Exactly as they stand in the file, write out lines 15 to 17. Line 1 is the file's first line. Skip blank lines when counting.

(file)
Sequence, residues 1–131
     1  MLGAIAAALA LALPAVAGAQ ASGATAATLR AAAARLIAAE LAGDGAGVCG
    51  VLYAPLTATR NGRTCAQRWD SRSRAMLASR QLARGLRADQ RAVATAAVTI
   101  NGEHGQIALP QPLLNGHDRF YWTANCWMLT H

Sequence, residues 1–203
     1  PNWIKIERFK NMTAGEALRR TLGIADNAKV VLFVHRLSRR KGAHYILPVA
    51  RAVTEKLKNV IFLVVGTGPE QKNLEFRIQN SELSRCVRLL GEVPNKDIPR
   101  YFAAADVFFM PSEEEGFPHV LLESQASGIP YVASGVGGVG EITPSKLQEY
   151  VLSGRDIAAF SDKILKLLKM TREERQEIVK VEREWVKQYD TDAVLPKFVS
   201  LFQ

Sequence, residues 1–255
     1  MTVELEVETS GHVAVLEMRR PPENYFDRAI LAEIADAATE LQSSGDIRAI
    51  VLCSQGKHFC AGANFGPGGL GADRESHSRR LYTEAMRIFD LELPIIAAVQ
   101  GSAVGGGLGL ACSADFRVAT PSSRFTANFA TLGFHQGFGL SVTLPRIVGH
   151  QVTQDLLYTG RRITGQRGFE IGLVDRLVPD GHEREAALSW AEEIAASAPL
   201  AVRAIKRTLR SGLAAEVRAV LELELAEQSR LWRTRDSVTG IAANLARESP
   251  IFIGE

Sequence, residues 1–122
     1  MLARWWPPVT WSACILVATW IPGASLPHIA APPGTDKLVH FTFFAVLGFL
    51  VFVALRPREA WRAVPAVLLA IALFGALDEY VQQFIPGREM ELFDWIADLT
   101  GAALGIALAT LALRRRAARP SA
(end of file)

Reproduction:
   151  QVTQDLLYTG RRITGQRGFE IGLVDRLVPD GHEREAALSW AEEIAASAPL
   201  AVRAIKRTLR SGLAAEVRAV LELELAEQSR LWRTRDSVTG IAANLARESP
   251  IFIGE